Abstract Background Respiratory tract infections (RTIs) are a common reason for children to consult in general practice. Antibiotics are often prescribed, in part due to miscommunication between parents and GPs. The duration of specific respiratory symptoms has been widely studied. Less is known about illness-related symptoms and the impact of these symptoms on family life, including parental production loss. Better understanding of the natural course of illness-related symptoms in RTI in children and impact on family life may improve GP–parent communication during RTI consultations. Objective To describe the general impact of RTI on children and parents regarding illness-related symptoms, absenteeism from childcare, school and work, use of health care facilities, and the use of over-the-counter (OTC) medication. Methods Prospectively collected diary data from two randomized clinical trials in children with RTI in primary care (n = 149). Duration of symptoms was analysed using survival analysis. Results Disturbed sleep, decreased intake of food and/or fluid, feeling ill and/or disturbance at play or other daily activities are very common during RTI episodes, with disturbed sleep lasting longest. Fifty-two percent of the children were absent for one or more days from childcare or school, and 28% of mothers and 20% of fathers reported absence from work the first week after GP consultation. Re-consultation occurred in 48% of the children. OTC medication was given frequently, particularly paracetamol and nasal sprays. Conclusion Appreciation of, and communication about the general burden of disease on children and their parents, may improve understanding between GPs and parents consulting with their child. child, clinical study, primary health care, respiratory tract infections, signs and symptoms, respiratory Key Messages Burden of childhood respiratory tract infections (RTIs) not only consists of respiratory symptoms. RTI affects sleep, eating, drinking and daily activities in children. Forty-eight percent of parents were absent from work in the first week after GP consultation. Awareness of the broader impact of RTI may facilitate GP–parent communication. Introduction Respiratory tract infections (RTIs) are among the most common diagnoses in primary care, particularly in children (1,2). Although most RTIs are self-limiting, antibiotics are often prescribed (3,4). Even in a low-prescribing country such as the Netherlands, 48–63% of antibiotic prescriptions for RTI in children are considered to be noncompliant to guidelines (5,6). Overprescription of antibiotics is driven by diagnostic and prognostic uncertainty and by poor communication between GPs and parents (7–9). A systematic review reported that GPs often considered acute illness as a purely medical problem. This contrasted with parents voicing concerns of, for example, missing school. This mismatch led GPs to interpret these concerns as resistance to diagnosis or treatment decisions and as an implicit request for antibiotics. This might influence prescribing decisions (7). It has been suggested that a more bio-psycho-social approach may avoid some of the miscommunication (7). Duration of respiratory symptoms in children, such as cough and nasal congestion, has been studied previously (10–12). After 1 week, symptoms in 75% of children have improved, but half may still be coughing. Cough recovers in 90% of the children by day 25. Recently, a large cohort study examined patterns in recovery from cough and found 66% of children was recovered by day 7, while 16% of children had persistent symptoms after 15 days (13). GPs tended to underestimate duration of symptoms (10). However, besides causing respiratory symptoms, RTI influences a child’s daily functioning in general, for example, impacting sleeping, eating and school attendance. This can have a considerable impact on family life. Disturbed sleep was reported by 72% of parents with children with acute cough, for example (14). Furthermore, missed days at childcare or school may induce work absenteeism for parents, also adding to the burden of this common illness (15,16). A previous study reported reduced quality of life in parents of children with influenza-like illness, with total time spent caring for a child and severity of illness as factors independently associated with quality of life (17). Awareness of the type and extent of the broader impact of RTI on families may contribute to a better understanding between GPs and parents, better-informed management decisions and improved counselling of parents. We therefore studied the impact of RTI on children and their parents, with respect to duration of illness-related symptoms, absenteeism from childcare, school and work, use of health care facilities and the use of over-the-counter (OTC) medication in a cohort of children with RTI. Methods Study design This observational diary-based study used data from two Dutch randomized clinical trials in children with RTI in primary care (see Supplementary Material for further details on the trials). Both trials aimed at reducing antibiotic prescriptions for children with RTI, the first through an online training for GPs and an information booklet for parents (18), and the second by introducing point-of-care C-reactive protein measurement in children with RTI (19). In both trials, parents were asked to fill out similar daily diaries. To avoid the impact of the trial interventions on the results of this cohort study, we only studied children in the control group of both trials. This ensured that children studied received usual care for RTI in general practice. Study population We included children aged between 3 months and 12 years old who were diagnosed with an acute RTI. Detailed eligibility criteria for the two randomized clinical trials are listed in Supplementary Material. For the purpose of this study, we grouped children based on the diagnosis as registered by the treating GP. International Classification of Primary Care (ICPC)-based diagnoses were dichotomized into upper RTI (URTI) and lower RTI (LRTI) (Supplementary Material). Data collection Patient characteristics: sex, age, diagnosis by ICPC-code, and if applicable prescription of antibiotics were noted by the GP on the day of inclusion. Parents kept a 14-day diary. At baseline, these included general questions on child characteristics and previous use of OTC medication. Second, the diary assessed symptoms through a list of symptoms to be rated daily on a 5-point-Likert scale ranging from 0 (no symptoms present) to 4 (very major problem). Illness-related symptoms rated were disturbed sleep, decreased intake of food and/or fluid, feeling ill and disturbance at play or other daily activities. Respiratory symptoms similarly ranked were cough, phlegm, dyspnoea, wheezing and nasal congestion. Finally, diaries contained weekly questions concerning the use of OTC medication, the use of health care facilities and the absence from childcare, school and parents’ work related to the child’s illness. Outcomes We defined three major outcomes: Duration of illness-related symptoms: disturbed sleep, decreased intake of food and/or fluid, feeling ill and disturbance at play or other daily activities. Impact on family life, defined as the number of days children were absent from school or childcare, the number of hours parents were absent from work and the use of the health care system. Use of OTC medication. Duration of illness-related symptoms The scores for four illness-related symptoms were summed to create a daily score of illness-related symptoms, with a maximum of 16 points. This score on day 1 was used as a proxy for severity of illness-related symptoms on the day of consultation. We regarded a child to be recovered on the first day none of these symptoms was ranked as a 2 (moderate problem) or higher, irrespective of subsequent values. We applied the same strategy to the respiratory symptoms, with a maximum score of 20 points. Impact on family life The number of days a child was absent from childcare or school was evaluated weekly. Time off work by parents is presented as hours missed per week. Use of healthcare facilities was analysed in four predefined categories: contact with GP, contact with out-of-hour service (OOH service), contact with pharmacy and contact with hospital (either emergency room or specialist). Use of OTC medication Use of OTC medication was scored weekly, in four predefined categories: paracetamol, non-steroid anti-inflammatory drug (NSAID), cough medication and nasal sprays. Analysis Missing values for the baseline characteristics gender (n = 1), duration of symptoms before consultation (n = 6) and score for severity of symptoms (n = 16) were imputed using multiple imputation (20). For patients with missing daily symptom scores, if the last entered value was scored as a 2 or higher, this was considered as a real missing value. Data were censored from that day on for the survival analysis. When no use of healthcare facilities, absence from daycare, school or parents’ work was noted, it was assumed absent. When no medication was listed in the diary, it was assumed no medication was given. All analyses were performed for the total group of children and separately for the two diagnostic categories: URTI and LRTI. As LRTI is generally regarded as a more severe illness, we hypothesized that outcomes might differ between these groups. Recovery rates were analysed using survival analysis with Kaplan–Meier plots. Log-rank tests were used to test differences in recovery rates between children with URTI and LRTI. Secondary analysis was conducted using multivariable Cox regression to determine which of the baseline characteristics were associated with time to recovery of symptoms, and hazard ratios (HRs) were calculated. An HR < 1 indicates a longer time to recovery of symptoms. Given the two diagnostic categories, this resulted in four models. Model fit was checked for each of the four models, testing for collinearity between variables by calculating variance inflation factors, proportional hazards and linearity of continuous predictors. The proportional hazards assumption was not met for the baseline variable of illness-related symptoms and respiratory symptoms in children with URTI and for illness-related symptoms in children with LRTI. Therefore, we used time transformation of this variable in the analysis. Finally, we evaluated duration of each of the four illness-related symptoms separately. We tested statistical significance of categorical variables using chi-square test or Fisher’s exact test, as appropriate. All descriptive analyses were performed using SPSS statistics version 24. Multiple imputation, survival analysis and Cox regression analysis were performed using R version 3.5.1. Results A total of 149 diaries (41% of total number of children in control groups of both trials) were available for analysis (67 URTI and 82 LRTI). Mean age in both groups was 3 years [SD 2.9 (URTI)/2.6 (LRTI)]. Mean duration of illness before consultation was 4.7 and 7.0 days for URTI and LRTI, respectively. During the first consultation, children with LRTI were prescribed antibiotics more often compared with children with URTI (52% versus 42%). The summed score of illness-related symptoms was higher in children with LRTI. Baseline characteristics are listed in Table 1. Table 1. Baseline characteristics of 149 children consulting the GP with respiratory tract infection URTI (n = 67) LRTI (n = 82) Male sex, n (%) 31 (47) 37 (45) Mean age, years (SD) 2.8 (2.9) 2.9 (2.6) Siblings, n (%) yes 39 (58) 59 (72) Child care or school attendance, n (%) 56 (83.6) 68 (82.9) Mean pre-consultation illness duration, days (SD) 4.7 (3.1) 7.0 (5.5) Mean general symptom severity score (SD) 8.3 (4.3) 9.1 (4.1) Mean respiratory symptom severity score (SD) 6.9 (4.6) 10.7 (4.1) Antibiotics prescribed, n (%) 28 (42) 43 (52) URTI (n = 67) LRTI (n = 82) Male sex, n (%) 31 (47) 37 (45) Mean age, years (SD) 2.8 (2.9) 2.9 (2.6) Siblings, n (%) yes 39 (58) 59 (72) Child care or school attendance, n (%) 56 (83.6) 68 (82.9) Mean pre-consultation illness duration, days (SD) 4.7 (3.1) 7.0 (5.5) Mean general symptom severity score (SD) 8.3 (4.3) 9.1 (4.1) Mean respiratory symptom severity score (SD) 6.9 (4.6) 10.7 (4.1) Antibiotics prescribed, n (%) 28 (42) 43 (52) Open in new tab Table 1. Baseline characteristics of 149 children consulting the GP with respiratory tract infection URTI (n = 67) LRTI (n = 82) Male sex, n (%) 31 (47) 37 (45) Mean age, years (SD) 2.8 (2.9) 2.9 (2.6) Siblings, n (%) yes 39 (58) 59 (72) Child care or school attendance, n (%) 56 (83.6) 68 (82.9) Mean pre-consultation illness duration, days (SD) 4.7 (3.1) 7.0 (5.5) Mean general symptom severity score (SD) 8.3 (4.3) 9.1 (4.1) Mean respiratory symptom severity score (SD) 6.9 (4.6) 10.7 (4.1) Antibiotics prescribed, n (%) 28 (42) 43 (52) URTI (n = 67) LRTI (n = 82) Male sex, n (%) 31 (47) 37 (45) Mean age, years (SD) 2.8 (2.9) 2.9 (2.6) Siblings, n (%) yes 39 (58) 59 (72) Child care or school attendance, n (%) 56 (83.6) 68 (82.9) Mean pre-consultation illness duration, days (SD) 4.7 (3.1) 7.0 (5.5) Mean general symptom severity score (SD) 8.3 (4.3) 9.1 (4.1) Mean respiratory symptom severity score (SD) 6.9 (4.6) 10.7 (4.1) Antibiotics prescribed, n (%) 28 (42) 43 (52) Open in new tab Duration of illness-related symptoms On the day of consultation, 90% of parents of children diagnosed with URTI and 94.2% of children diagnosed with LRTI reported disturbed sleep, decreased intake of food and/or fluid, feeling ill and/or disturbance at play or other daily activities as more than a moderate problem (score ≥ 2). On day 7, this was 13.8% in the URTI group versus 27.8% in LRTI group, and this declined to 4.5% and 13.9% on day 14, respectively. Overall, the median time from the first consultation to the reported recovery of illness-related symptoms in children with URTI was 4 days versus 5 days in children with LRTI (P = 0.004, Fig. 1a). Figure 1. Open in new tabDownload slide Recovery from illness-related symptoms and respiratory symptoms in days for children with URTI and LRTI. Panel 1: Recovery from illness-related symptoms. Panel 2: Recovery from respiratory symptoms. Figure 1. Open in new tabDownload slide Recovery from illness-related symptoms and respiratory symptoms in days for children with URTI and LRTI. Panel 1: Recovery from illness-related symptoms. Panel 2: Recovery from respiratory symptoms. Duration of the separate illness-related symptoms is shown in Table 2. Sleep disturbance persisted most, with a mean duration of 3.1 and 4.3 days for URTI and LRTI, respectively. Table 2. Mean duration of illness-related symptoms (days and 95% confidence interval), the result of Kaplan–Meier analysis URTI LRTI Disturbed sleep 3.1 (2.6–3.7) 4.3 (3.5–5.1) Decreased intake of food and/or fluid 2.9 (2.2–3.5) 3.2 (2.6–3.8) Feeling ill 2.3 (1.8–2.9) 3.7 (3.1–4.4) Disturbance at play or other daily activities 2.4 (1.9–3.0) 3.3 (2.6–4.0) URTI LRTI Disturbed sleep 3.1 (2.6–3.7) 4.3 (3.5–5.1) Decreased intake of food and/or fluid 2.9 (2.2–3.5) 3.2 (2.6–3.8) Feeling ill 2.3 (1.8–2.9) 3.7 (3.1–4.4) Disturbance at play or other daily activities 2.4 (1.9–3.0) 3.3 (2.6–4.0) Open in new tab Table 2. Mean duration of illness-related symptoms (days and 95% confidence interval), the result of Kaplan–Meier analysis URTI LRTI Disturbed sleep 3.1 (2.6–3.7) 4.3 (3.5–5.1) Decreased intake of food and/or fluid 2.9 (2.2–3.5) 3.2 (2.6–3.8) Feeling ill 2.3 (1.8–2.9) 3.7 (3.1–4.4) Disturbance at play or other daily activities 2.4 (1.9–3.0) 3.3 (2.6–4.0) URTI LRTI Disturbed sleep 3.1 (2.6–3.7) 4.3 (3.5–5.1) Decreased intake of food and/or fluid 2.9 (2.2–3.5) 3.2 (2.6–3.8) Feeling ill 2.3 (1.8–2.9) 3.7 (3.1–4.4) Disturbance at play or other daily activities 2.4 (1.9–3.0) 3.3 (2.6–4.0) Open in new tab A higher baseline score for illness-related symptoms was associated with longer duration of symptoms in children with URTI [HR = 0.63 on day 1, 95% confidence interval (CI) = 0.51–0.79]. For children with LRTI, three factors were associated with duration of symptoms: baseline score for illness-related symptoms (HR = 0.50 on day 1, 95% CI = 0.36–0.69), age (HR = 1.17, 95% CI = 1.04–1.32) and prescription of antibiotics (HR = 2.46, 95% CI = 1.46–4.13) (see Supplementary Material for all HRs). Respiratory symptoms were reported by parents to be moderate to severe for 87.1% of children with URTI and for 100% of children with LRTI on the day of consultation. Respiratory symptoms decreased during follow-up, with parents reporting symptoms still more than a moderate problem on day 14 in 7.5% of children with URTI and in 25.4% of children with LRTI. Overall, the median time to reported recovery of respiratory symptoms in children with URTI was 6 days versus 8 days in children with LRTI (P = 0.003, Fig. 1b). Impact on family life More than half of the children were absent from childcare or school during the first week after consultation, for a median of 2 days. Twenty-eight percent of mothers and 20% of fathers took time off work for a median of 8 hours during the first week. Nearly a quarter of parents reported to have made extra arrangements for childcare during that week (LRTI 15% versus URTI 32%, difference 17%, P = 0.02) (Table 3). Absenteeism decreased during the second week after consultation with 13% of children being absent at childcare or school, and 5% of mothers and 4% of fathers being absent at work. Table 3. Diary-reported absenteeism and use of the health care system after visiting a general practitioner Week 1 Week 2 URTI (n = 67) LRTI (n = 82) Total (n = 149) URTI (n = 67) LRTI (n = 82) Total (n = 149) n (%) n (%) n (%) Median (range) n (%) n (%) n (%) Median (range) Absent from childcare or school 32 (48) 45 (55) 77 (52) 2 days (1–5) 5 (7) 14 (17) 19 (13) 1 day (1–5) Mother absent from work 13 (19) 28 (34) 41 (28) 8 hours (1–16) 1 (2) 6 (7) 7 (5) 8 hours (1–8) Father absent from work 9 (13) 21 (26) 30 (20) 8 hours (1–25) 0* 6 (7)* 6 (4) 8 hours (1–24) Need for extra childcare 10 (15)* 26 (32)* 36 (24) 0 3 (4) 3 (2) Contact with GP office, phone 3 (4.5)* 16 (20)* 19 (13) 0 2 (2) 2 (1) Contact with GP in practice 26 (39) 45 (57) 71 (48) 1 (2) 5 (6) 6 (4) Contact with OOH service 3 (5) 7 (14) 10 (7) 0 2 (2) 2 (1) Contact with hospital 1 (2) 3 (4) 4 (3) 0 5 (6) 0 Contact with pharmacy 22 (33) 31 (39) 53 (36) 1 (2) 0 (0) 6 (4) Week 1 Week 2 URTI (n = 67) LRTI (n = 82) Total (n = 149) URTI (n = 67) LRTI (n = 82) Total (n = 149) n (%) n (%) n (%) Median (range) n (%) n (%) n (%) Median (range) Absent from childcare or school 32 (48) 45 (55) 77 (52) 2 days (1–5) 5 (7) 14 (17) 19 (13) 1 day (1–5) Mother absent from work 13 (19) 28 (34) 41 (28) 8 hours (1–16) 1 (2) 6 (7) 7 (5) 8 hours (1–8) Father absent from work 9 (13) 21 (26) 30 (20) 8 hours (1–25) 0* 6 (7)* 6 (4) 8 hours (1–24) Need for extra childcare 10 (15)* 26 (32)* 36 (24) 0 3 (4) 3 (2) Contact with GP office, phone 3 (4.5)* 16 (20)* 19 (13) 0 2 (2) 2 (1) Contact with GP in practice 26 (39) 45 (57) 71 (48) 1 (2) 5 (6) 6 (4) Contact with OOH service 3 (5) 7 (14) 10 (7) 0 2 (2) 2 (1) Contact with hospital 1 (2) 3 (4) 4 (3) 0 5 (6) 0 Contact with pharmacy 22 (33) 31 (39) 53 (36) 1 (2) 0 (0) 6 (4) *Statistically significant difference between children with URTI and LRTI with P < 0.05. Open in new tab Table 3. Diary-reported absenteeism and use of the health care system after visiting a general practitioner Week 1 Week 2 URTI (n = 67) LRTI (n = 82) Total (n = 149) URTI (n = 67) LRTI (n = 82) Total (n = 149) n (%) n (%) n (%) Median (range) n (%) n (%) n (%) Median (range) Absent from childcare or school 32 (48) 45 (55) 77 (52) 2 days (1–5) 5 (7) 14 (17) 19 (13) 1 day (1–5) Mother absent from work 13 (19) 28 (34) 41 (28) 8 hours (1–16) 1 (2) 6 (7) 7 (5) 8 hours (1–8) Father absent from work 9 (13) 21 (26) 30 (20) 8 hours (1–25) 0* 6 (7)* 6 (4) 8 hours (1–24) Need for extra childcare 10 (15)* 26 (32)* 36 (24) 0 3 (4) 3 (2) Contact with GP office, phone 3 (4.5)* 16 (20)* 19 (13) 0 2 (2) 2 (1) Contact with GP in practice 26 (39) 45 (57) 71 (48) 1 (2) 5 (6) 6 (4) Contact with OOH service 3 (5) 7 (14) 10 (7) 0 2 (2) 2 (1) Contact with hospital 1 (2) 3 (4) 4 (3) 0 5 (6) 0 Contact with pharmacy 22 (33) 31 (39) 53 (36) 1 (2) 0 (0) 6 (4) Week 1 Week 2 URTI (n = 67) LRTI (n = 82) Total (n = 149) URTI (n = 67) LRTI (n = 82) Total (n = 149) n (%) n (%) n (%) Median (range) n (%) n (%) n (%) Median (range) Absent from childcare or school 32 (48) 45 (55) 77 (52) 2 days (1–5) 5 (7) 14 (17) 19 (13) 1 day (1–5) Mother absent from work 13 (19) 28 (34) 41 (28) 8 hours (1–16) 1 (2) 6 (7) 7 (5) 8 hours (1–8) Father absent from work 9 (13) 21 (26) 30 (20) 8 hours (1–25) 0* 6 (7)* 6 (4) 8 hours (1–24) Need for extra childcare 10 (15)* 26 (32)* 36 (24) 0 3 (4) 3 (2) Contact with GP office, phone 3 (4.5)* 16 (20)* 19 (13) 0 2 (2) 2 (1) Contact with GP in practice 26 (39) 45 (57) 71 (48) 1 (2) 5 (6) 6 (4) Contact with OOH service 3 (5) 7 (14) 10 (7) 0 2 (2) 2 (1) Contact with hospital 1 (2) 3 (4) 4 (3) 0 5 (6) 0 Contact with pharmacy 22 (33) 31 (39) 53 (36) 1 (2) 0 (0) 6 (4) *Statistically significant difference between children with URTI and LRTI with P < 0.05. Open in new tab In the first week after consultation, 48% of children re-consulted the GP, and 7% of children visited an OOH service. The pharmacy was visited by 36% of parents in the first week, compared with 4% in the second week (Table 3). Use of OTC medication OTC medication was given to the majority of children and was highest in the week before the consultation (86.6%). Paracetamol was given most frequently throughout the entire follow-up period, followed by nasal spray and cough syrup (Table 4). Table 4. Diary-reported use of over-the-counter medication Week before consultation Week 1 Week 2 URTI (n = 67) LRTI (n = 82) Total (n = 149) URTI (n = 67) LRTI (n = 82) Total (n = 149) URTI (n = 67) LRTI (n = 82) Total (n = 149) Use of OTC (total) 60 (90%) 69 (84%) 129 (86.6%) 48 (72%) 53 (65%) 101 (67.8%) 9 (13%) 17 (21%) 26 (17.4%) Use of paracetamol 50 (75%) 56 (68%) 106 (71.1%) 37 (55%) 38 (46%) 75 (50.3%) 5 (8%) 10 (12%) 15 (10.1%) Use of NSAID 1 (2%) 1 (1%) 2 (1.3%) 0 (0%) 0 (0%) 0 (0%) 0 (0%) 0 (0%) 0 (0%) Use of cough syrup 22 (30%) 28 (34%) 48 (32.2%) 11 (16%) 20 (24%) 31 (20.8%) 2 (3%) 5 (6%) 7 (4.7%) Use of nasal spray 27 (40%) 27 (45%) 54 (43%) 20 (30%) 32 (39%) 52 (34.9%) 5 (8%) 9 (11%) 14 (4.9%) Week before consultation Week 1 Week 2 URTI (n = 67) LRTI (n = 82) Total (n = 149) URTI (n = 67) LRTI (n = 82) Total (n = 149) URTI (n = 67) LRTI (n = 82) Total (n = 149) Use of OTC (total) 60 (90%) 69 (84%) 129 (86.6%) 48 (72%) 53 (65%) 101 (67.8%) 9 (13%) 17 (21%) 26 (17.4%) Use of paracetamol 50 (75%) 56 (68%) 106 (71.1%) 37 (55%) 38 (46%) 75 (50.3%) 5 (8%) 10 (12%) 15 (10.1%) Use of NSAID 1 (2%) 1 (1%) 2 (1.3%) 0 (0%) 0 (0%) 0 (0%) 0 (0%) 0 (0%) 0 (0%) Use of cough syrup 22 (30%) 28 (34%) 48 (32.2%) 11 (16%) 20 (24%) 31 (20.8%) 2 (3%) 5 (6%) 7 (4.7%) Use of nasal spray 27 (40%) 27 (45%) 54 (43%) 20 (30%) 32 (39%) 52 (34.9%) 5 (8%) 9 (11%) 14 (4.9%) Open in new tab Table 4. Diary-reported use of over-the-counter medication Week before consultation Week 1 Week 2 URTI (n = 67) LRTI (n = 82) Total (n = 149) URTI (n = 67) LRTI (n = 82) Total (n = 149) URTI (n = 67) LRTI (n = 82) Total (n = 149) Use of OTC (total) 60 (90%) 69 (84%) 129 (86.6%) 48 (72%) 53 (65%) 101 (67.8%) 9 (13%) 17 (21%) 26 (17.4%) Use of paracetamol 50 (75%) 56 (68%) 106 (71.1%) 37 (55%) 38 (46%) 75 (50.3%) 5 (8%) 10 (12%) 15 (10.1%) Use of NSAID 1 (2%) 1 (1%) 2 (1.3%) 0 (0%) 0 (0%) 0 (0%) 0 (0%) 0 (0%) 0 (0%) Use of cough syrup 22 (30%) 28 (34%) 48 (32.2%) 11 (16%) 20 (24%) 31 (20.8%) 2 (3%) 5 (6%) 7 (4.7%) Use of nasal spray 27 (40%) 27 (45%) 54 (43%) 20 (30%) 32 (39%) 52 (34.9%) 5 (8%) 9 (11%) 14 (4.9%) Week before consultation Week 1 Week 2 URTI (n = 67) LRTI (n = 82) Total (n = 149) URTI (n = 67) LRTI (n = 82) Total (n = 149) URTI (n = 67) LRTI (n = 82) Total (n = 149) Use of OTC (total) 60 (90%) 69 (84%) 129 (86.6%) 48 (72%) 53 (65%) 101 (67.8%) 9 (13%) 17 (21%) 26 (17.4%) Use of paracetamol 50 (75%) 56 (68%) 106 (71.1%) 37 (55%) 38 (46%) 75 (50.3%) 5 (8%) 10 (12%) 15 (10.1%) Use of NSAID 1 (2%) 1 (1%) 2 (1.3%) 0 (0%) 0 (0%) 0 (0%) 0 (0%) 0 (0%) 0 (0%) Use of cough syrup 22 (30%) 28 (34%) 48 (32.2%) 11 (16%) 20 (24%) 31 (20.8%) 2 (3%) 5 (6%) 7 (4.7%) Use of nasal spray 27 (40%) 27 (45%) 54 (43%) 20 (30%) 32 (39%) 52 (34.9%) 5 (8%) 9 (11%) 14 (4.9%) Open in new tab Discussion Summary of main findings RTI in children have a profound effect on the general well-being of children consulting in general practice. On the day of consultation, >90% of children experience disturbed sleep, decreased intake of food and/or fluid, feeling ill and/or disturbance at play or other daily activities. Disturbed sleep persisted longest. Overall, respiratory symptoms persist longer than illness-related symptoms. The severity of symptoms on the day of consultation was related to the duration of symptoms throughout the follow-up period. Approximately half of the children were absent for one or more days from childcare or school. The absence from work was reported by 28% of mothers and 20% of fathers, for 8 hours on average. Re-consultation occurred in almost half of the children. OTC medication was given frequently to children with RTI, particularly paracetamol and nasal sprays. As LRTI is generally regarded as a more serious illness, we decided to analyse the duration of symptoms separately for the two groups. Although we found statistical differences in the duration of symptoms, the absolute differences were minimal. Children with URTI and LRTI did not differ significantly in the absence from childcare or school and re-consultation with a GP. Strengths and limitations Unique to our study is the detailed description of illness-related symptoms associated with the well-being of a child with RTI. Diary data in both studies were collected longitudinally in daily diaries. The daily collection of symptom scores minimized the probability of recall bias. The use of data collected in two different trials provided a larger group of children with URTI and LRTI. A possible limitation of our study was the representativeness of the sample. Forty-one percent of all parents in both trials returned the diaries. However, children with and without returned diaries did not differ significantly at baseline in the trials (data not shown). Whether the duration of symptoms or severity of symptoms influenced the return rate of the diaries is unknown. It is possible that this affects the generalizability of the results. Furthermore, our results regard families consulting for RTI and may not necessarily apply to (the majority of) children who do not visit a GP (16). The reported diary-recorded duration of symptoms is the duration of symptoms after the first GP consultation. This was a mean of 4.7 and 7 days after the URTI and LRTI onset, respectively. The presented data, therefore, probably underestimate the impact of a complete disease episode. However, our aim was to inform GPs about the impact of an RTI on a child and its parents at the moment of consultation; therefore, this selected group does provide useful information. Finally, although we found certain factors significantly related to the recovery of symptoms in this cohort, our study was not designed to determine causal effects. The identified determinants need further exploration to determine whether they are causally related to illness duration. Comparison with existing literature Recovery rates for respiratory symptoms in our cohort were similar to rates found in other studies (10,11,21,22). A recent study found absenteeism in 28% of parents when their child had an infectious episode, with a median of 2 days. This is lower than the nearly 50% we found, possibly because these children were probably less ill, as only a minority of these children visited a GP (16). Previous studies have shown that this absenteeism affects quality of life in parents and is also a main driver of total societal costs of RTI (15,17,23,24). A previous study in adults reported comparable rates of self-medication in patients with RTI (25), most often paracetamol. Paracetamol is useful for treating pain and fever, but evidence on its effect on well-being is lacking. However, it is likely that treating fever and pain would lead to improvement of well-being (26,27). There is no evidence for effectiveness of other OTC medication for the treatment of RTI symptoms in children (28,29). These medications are however still recommended by physicians (30,31). A qualitative study found that GPs usually did not recommend OTC medication for cough and cold, but parental anxiety and the need to ‘do something’ sometimes influenced their recommendations (31). Re-consultation rates differ in various studies (11,21,32), but are generally lower than the 48% we found. We hypothesize that this may be due to an easily accessible primary health care system in the Netherlands. Implications for practice and further research As the reason for encounter in consultations for RTI is determined not only by respiratory symptoms but also by their consequences, it is important that a GP is aware of the impact RTI has on a child and its family (7). When consulting with their child with RTI, trust in the clinician, openness in communication and continuity of care are important to parents. This influences their acceptance of the final treatment decision of the GP and enhances compliance with the chosen treatment (33). Exploring parents’ concerns and perceptions and reassuring parents about the general symptoms of RTI, and appreciating the impact of disturbed sleep or diminished appetite will increase the mutual understanding between parents and GP. In turn, this is beneficial in the process of shared decision-making, a process that has been shown to reduce the prescription of antibiotics, also in children (7,34,35). Disease impact should be incorporated alongside information on respiratory symptoms in patient information in leaflets and websites. Knowledge about the frequency of OTC medication use and its drivers may further facilitate shared decision-making between parents and GPs. GPs have a task in informing parents, and the use of OTC medication must be balanced against costs and possible side effects. Robust evidence of effectiveness is not available for most of the medications used (27–29). However, well-being may be improved by the use of paracetamol or NSAIDs. We noticed that children often re-consulted their GP. Further research might focus on reasons for this healthcare-seeking behaviour and may help identify strategies to reduce unnecessary re-consultations and enhance self-management. Conclusion RTI impacts not only a child’s general well-being but also family life as nearly half of the children stay home from childcare or school during the first week after consultation, and nearly half of the parents are absent from work. OTC medication is given to the majority of children, 1 week before and 1 week after consulting their GP. Communication about this general impact of RTI can improve understanding between GPs and parents and enhance shared decision-making. Declaration Funding: the RAAK trial was funded by the Netherlands Organization for Health Research and Development (ZonMw grant number: 205200008). The PRICE trial was supported by a grant of the Netherlands Organization for Health Research and Development (ZonMw grant number 837001008) and Alere Technologies AS. These funding bodies had no role in the design and conduct of the study and in preparation, review and approval of the manuscript. Further funding and logistic support by providing the reagents and equipment for C-reactive protein testing was given by two participating laboratories, SALTRO and Star Medical Diagnostic Center. JC was supported by a Veni-grant of the Netherlands Organization for Health Research and Development (ZonMw). Ethical approval: the Ethics Committee of University Medical Centre Utrecht, the Netherlands, approved both trials from which data for this study was used. The RAAK trial (Rational Antibiotic use Kids) was registered at the Dutch Trial Register, trial identifier: NTR4240. The PRICE trial (Point-of-caRe C-reactive protein to assist In primary care management of Children with lower rEspiratory tract infection) was registered at the Dutch Trial Register, trial identifier NTR4399. Conflict of interest: none. References 1. Van der Linden M , van Suijlekom-Smit L , Schellevis F , van der Wouden J. Tweede Nationale Studie Naar Ziekten En Verrichtingen in de Huisartspraktijk. Het Kind in de Huisartspraktijk [Second National Survey of Morbidity and Interventions in General Practice: The Child in General Practice] . Utrecht, The Netherlands : NIVEL , 2005 . Google Preview WorldCat COPAC 2. Hay AD , Heron J , Ness A . 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Interventions to facilitate shared decision making to address antibiotic use for acute respiratory infections in primary care . Cochrane Database Syst Rev 2015 ; 11 : CD010907 . WorldCat © The Author(s) 2019. Published by Oxford University Press. All rights reserved. For permissions, please e-mail: journals.permissions@oup.com. This article is published and distributed under the terms of the Oxford University Press, Standard Journals Publication Model (https://academic.oup.com/journals/pages/open_access/funder_policies/chorus/standard_publication_model)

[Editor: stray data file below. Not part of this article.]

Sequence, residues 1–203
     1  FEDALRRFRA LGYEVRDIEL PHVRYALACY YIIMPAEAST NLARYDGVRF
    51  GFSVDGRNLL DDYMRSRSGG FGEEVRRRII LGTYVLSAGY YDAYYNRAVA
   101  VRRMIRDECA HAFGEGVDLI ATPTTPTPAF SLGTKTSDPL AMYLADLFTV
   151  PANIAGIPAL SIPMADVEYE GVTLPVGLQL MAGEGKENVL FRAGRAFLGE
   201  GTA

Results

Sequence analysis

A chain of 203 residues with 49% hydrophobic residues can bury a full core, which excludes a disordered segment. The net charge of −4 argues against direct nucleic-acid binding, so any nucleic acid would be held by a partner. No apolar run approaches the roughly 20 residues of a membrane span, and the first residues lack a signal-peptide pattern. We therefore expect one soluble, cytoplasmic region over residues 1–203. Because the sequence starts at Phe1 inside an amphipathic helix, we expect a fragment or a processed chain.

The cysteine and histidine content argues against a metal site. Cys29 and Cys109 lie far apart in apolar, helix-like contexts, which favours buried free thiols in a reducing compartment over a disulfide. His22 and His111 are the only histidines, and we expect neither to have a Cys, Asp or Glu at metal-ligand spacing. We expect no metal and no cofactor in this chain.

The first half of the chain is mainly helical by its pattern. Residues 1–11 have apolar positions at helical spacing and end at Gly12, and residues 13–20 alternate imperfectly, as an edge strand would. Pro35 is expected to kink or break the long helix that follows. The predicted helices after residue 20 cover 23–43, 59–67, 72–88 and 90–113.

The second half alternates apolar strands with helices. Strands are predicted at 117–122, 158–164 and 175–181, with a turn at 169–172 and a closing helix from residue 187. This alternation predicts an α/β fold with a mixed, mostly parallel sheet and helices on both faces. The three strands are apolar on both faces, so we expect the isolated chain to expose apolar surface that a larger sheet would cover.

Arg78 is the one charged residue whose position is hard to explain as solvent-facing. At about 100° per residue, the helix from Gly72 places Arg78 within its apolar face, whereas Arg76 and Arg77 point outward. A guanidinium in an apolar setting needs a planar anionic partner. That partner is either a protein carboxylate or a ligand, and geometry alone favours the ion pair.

Journal

Family PracticeOxford University Press

Published: Nov 18, 2019